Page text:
In a steady-state situation (meaning nonchanging drug concentrations), plasma or end-tidal concentration (Cet) values and effect-site drug concentration (Ceff) values are identical. However, in a nonsteady-state situation (e.g., during induction of anesthesia), Cet will differ from Ceff. Because Ceff usually cannot be measured directly, they are estimated by measuring the drug effect at the effect site (e.g., in the brain: electroencephalographic [EEG] suppression). When Cet and measured drug effect (corresponding to Ceff) are both plotted over time, a time lag between peak Cet and peak drug effect at the effect site (maximal EEG suppression) is usually present. This time lag leads to a hysteresis loop (hysteresis originating from the Greek meaning “comes late”) when the effect (in our study EEG effect) is plotted over the plasma or Cet (Figs. 1–3A). Pharmacokinetic pharmacodynamic (PKPD) models have been proposed that characterize the equilibration between Cet and Ceff. In these models, ke0 describes the link between the time course of Cet and Ceff or, in other words, the equilibration time course of Cet and Ceff.
Parametric and nonparametric approaches have been established to estimate ke0. Estimating ke0 by simultaneous PKPD models1–4 and fitting the relationship between calculated Ceff and drug effect using a single sigmoid Emax model (Hill equation)5 gives an example for a parametric approach. Recently, a bisigmoidal curve was proposed to improve the relationship between EEG indices and anesthetic drug concentrations.6–9 This curve or model takes into account the previously described pharmacokinetic plateau10 that becomes evident before the occurrence of burst suppression. However, calculated ke0 values differ depending on the underlying PKPD model used to fit the data.6,8,9 In addition, it has been questioned whether the plateau seen in the drug-response curve is physiological or may even be artificially obtained by falsely using sigmoidal or bisigmoidal models to fit the collected data.
Nonparametric approaches, on the other hand, do not depend on fitting the data with a previously chosen model (sigmoidal or bisigmoidal).11–13 Our aim was to apply a semiparametric approach of estimating ke0 values to our data. Because estimating ke0 is based on optimization of the correlation between drug concentration and effect and because the prediction probability (PK) can be used as a nonparametric measure of the goodness of the correlation between drug concentration and effect, we hypothesized that maximizing the prediction probability could be a promising new semiparametric method for estimating ke0. The prediction probability14 has become a standard measure for the performance of anesthetic depth monitors.4,6,15–17 Given 2 randomly selected data points with distinct anesthetic drug concentration, the PK value describes the probability that the EEG parameter correctly predicts which of the data points is the one with the higher (or lower) anesthetic drug concentration. PK has been developed from the need for a performance measure of 2 scales or databases that are polytomous (multivalued) ordinal with one scale (database) predicting the data of the other scale.18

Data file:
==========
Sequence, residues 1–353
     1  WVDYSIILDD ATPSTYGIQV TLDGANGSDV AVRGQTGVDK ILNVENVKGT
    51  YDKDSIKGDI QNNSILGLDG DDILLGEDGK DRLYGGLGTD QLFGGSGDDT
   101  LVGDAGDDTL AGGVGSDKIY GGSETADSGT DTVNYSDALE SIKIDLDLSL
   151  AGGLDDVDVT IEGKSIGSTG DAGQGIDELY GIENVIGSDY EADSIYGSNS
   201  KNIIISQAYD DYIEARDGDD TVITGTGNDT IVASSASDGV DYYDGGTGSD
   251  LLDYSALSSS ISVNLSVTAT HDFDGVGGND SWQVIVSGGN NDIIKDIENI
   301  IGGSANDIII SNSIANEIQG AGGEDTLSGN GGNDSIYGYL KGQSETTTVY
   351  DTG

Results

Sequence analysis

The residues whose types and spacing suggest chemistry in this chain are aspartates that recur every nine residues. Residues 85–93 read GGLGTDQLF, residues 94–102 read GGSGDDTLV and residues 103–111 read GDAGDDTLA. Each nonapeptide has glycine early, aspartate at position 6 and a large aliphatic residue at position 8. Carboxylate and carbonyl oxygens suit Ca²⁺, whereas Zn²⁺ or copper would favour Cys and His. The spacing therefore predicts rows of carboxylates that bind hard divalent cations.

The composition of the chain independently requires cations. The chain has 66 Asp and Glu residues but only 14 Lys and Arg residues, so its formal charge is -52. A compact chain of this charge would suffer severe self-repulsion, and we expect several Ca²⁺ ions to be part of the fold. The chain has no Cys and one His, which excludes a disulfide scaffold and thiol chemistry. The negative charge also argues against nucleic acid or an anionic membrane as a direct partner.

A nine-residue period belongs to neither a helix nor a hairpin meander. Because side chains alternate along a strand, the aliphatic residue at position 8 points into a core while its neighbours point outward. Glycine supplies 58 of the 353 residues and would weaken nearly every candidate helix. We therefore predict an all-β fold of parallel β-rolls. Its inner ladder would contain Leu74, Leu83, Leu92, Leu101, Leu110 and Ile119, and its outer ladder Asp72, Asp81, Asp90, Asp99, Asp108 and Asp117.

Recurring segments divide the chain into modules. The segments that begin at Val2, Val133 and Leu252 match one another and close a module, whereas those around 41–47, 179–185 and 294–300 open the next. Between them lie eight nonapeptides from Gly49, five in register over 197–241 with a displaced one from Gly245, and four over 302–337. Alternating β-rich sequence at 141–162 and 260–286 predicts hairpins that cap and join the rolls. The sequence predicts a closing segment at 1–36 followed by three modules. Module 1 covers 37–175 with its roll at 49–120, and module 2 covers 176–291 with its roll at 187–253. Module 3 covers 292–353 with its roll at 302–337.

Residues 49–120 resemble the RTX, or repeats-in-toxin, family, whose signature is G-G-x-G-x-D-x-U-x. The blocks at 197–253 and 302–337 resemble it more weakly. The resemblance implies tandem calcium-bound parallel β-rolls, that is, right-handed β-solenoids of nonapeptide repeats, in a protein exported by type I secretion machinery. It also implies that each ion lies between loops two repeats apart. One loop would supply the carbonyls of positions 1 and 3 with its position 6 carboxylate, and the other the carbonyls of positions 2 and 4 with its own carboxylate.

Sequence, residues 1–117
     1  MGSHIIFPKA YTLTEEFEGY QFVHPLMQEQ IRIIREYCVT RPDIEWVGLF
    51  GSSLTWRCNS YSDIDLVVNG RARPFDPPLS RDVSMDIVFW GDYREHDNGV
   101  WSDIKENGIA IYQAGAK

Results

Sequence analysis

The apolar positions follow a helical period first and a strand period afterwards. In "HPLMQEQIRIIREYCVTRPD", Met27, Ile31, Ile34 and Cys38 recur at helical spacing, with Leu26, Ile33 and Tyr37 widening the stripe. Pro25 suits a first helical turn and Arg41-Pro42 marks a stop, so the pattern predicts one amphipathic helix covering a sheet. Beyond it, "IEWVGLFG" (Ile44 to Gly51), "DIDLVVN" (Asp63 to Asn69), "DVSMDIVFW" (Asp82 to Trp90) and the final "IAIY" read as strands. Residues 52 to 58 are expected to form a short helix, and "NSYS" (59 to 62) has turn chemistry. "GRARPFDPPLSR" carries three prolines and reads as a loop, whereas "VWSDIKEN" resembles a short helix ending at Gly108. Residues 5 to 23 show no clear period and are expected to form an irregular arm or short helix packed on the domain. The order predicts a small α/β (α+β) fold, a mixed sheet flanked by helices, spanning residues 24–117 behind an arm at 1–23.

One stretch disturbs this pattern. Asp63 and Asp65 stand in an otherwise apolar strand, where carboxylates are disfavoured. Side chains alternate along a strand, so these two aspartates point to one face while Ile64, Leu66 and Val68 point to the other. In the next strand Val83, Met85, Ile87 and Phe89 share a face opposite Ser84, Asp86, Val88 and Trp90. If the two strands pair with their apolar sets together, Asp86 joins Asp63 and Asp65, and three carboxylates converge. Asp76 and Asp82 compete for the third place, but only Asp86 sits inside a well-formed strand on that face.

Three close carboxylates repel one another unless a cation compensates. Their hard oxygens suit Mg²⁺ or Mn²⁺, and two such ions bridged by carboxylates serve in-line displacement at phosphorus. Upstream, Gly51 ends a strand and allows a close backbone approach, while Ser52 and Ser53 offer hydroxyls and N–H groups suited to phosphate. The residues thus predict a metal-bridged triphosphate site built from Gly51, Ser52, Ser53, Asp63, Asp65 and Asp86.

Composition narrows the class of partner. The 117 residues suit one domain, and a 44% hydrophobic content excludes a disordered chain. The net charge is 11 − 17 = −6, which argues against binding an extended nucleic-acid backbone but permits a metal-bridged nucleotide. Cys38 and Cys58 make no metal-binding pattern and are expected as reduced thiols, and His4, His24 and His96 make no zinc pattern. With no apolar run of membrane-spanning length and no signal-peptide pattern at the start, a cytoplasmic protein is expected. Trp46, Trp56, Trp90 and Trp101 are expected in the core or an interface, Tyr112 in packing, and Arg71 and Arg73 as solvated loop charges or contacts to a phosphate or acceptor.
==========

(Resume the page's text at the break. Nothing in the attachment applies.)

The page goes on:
We investigated whether optimizing PK to its maximum would allow the hysteresis loop to collapse yielding a single defined ke0 value for each patient.
We used the data of 3 published studies,7–9 wherein 45 male patients scheduled to undergo radical prostatectomy were studied using isoflurane, sevoflurane, and desflurane, respectively (15 patients each). All studies received IRB approval, and written informed consent was obtained from all patients. Exclusion criteria were a history of any disabling central nervous or cerebrovascular disease, substance abuse, or a treatment with opioids or any psychoactive medication.
All patients were premedicated with 7.5 mg midazolam orally on the morning before surgery. In the operating room, an IV catheter was inserted into a larger forearm vein, and standard monitors were applied. An epidural catheter was inserted in the lumbar space, and a test dose of 3 mL bupivacaine 0.5% was given. The electroencephalogram was recorded continuously using an Aspect A-2000 bispectral index (BIS) monitor (version XP, Aspect Medical Systems, Norwood, MA). After the skin of the forehead had been degreased with 70% isopropanol, the BIS electrodes (BIS-XP sensor, Aspect Medical Systems) were positioned as recommended by the manufacturer. Induction of anesthesia was started with a remifentanil infusion at 0.4 μg · kg−1 · min−1. Five minutes later, the patients received 2.0 mg/kg propofol. After loss of consciousness occurred, oxygen was given through facemask ventilation, and patients received 0.5 mg/kg atracurium.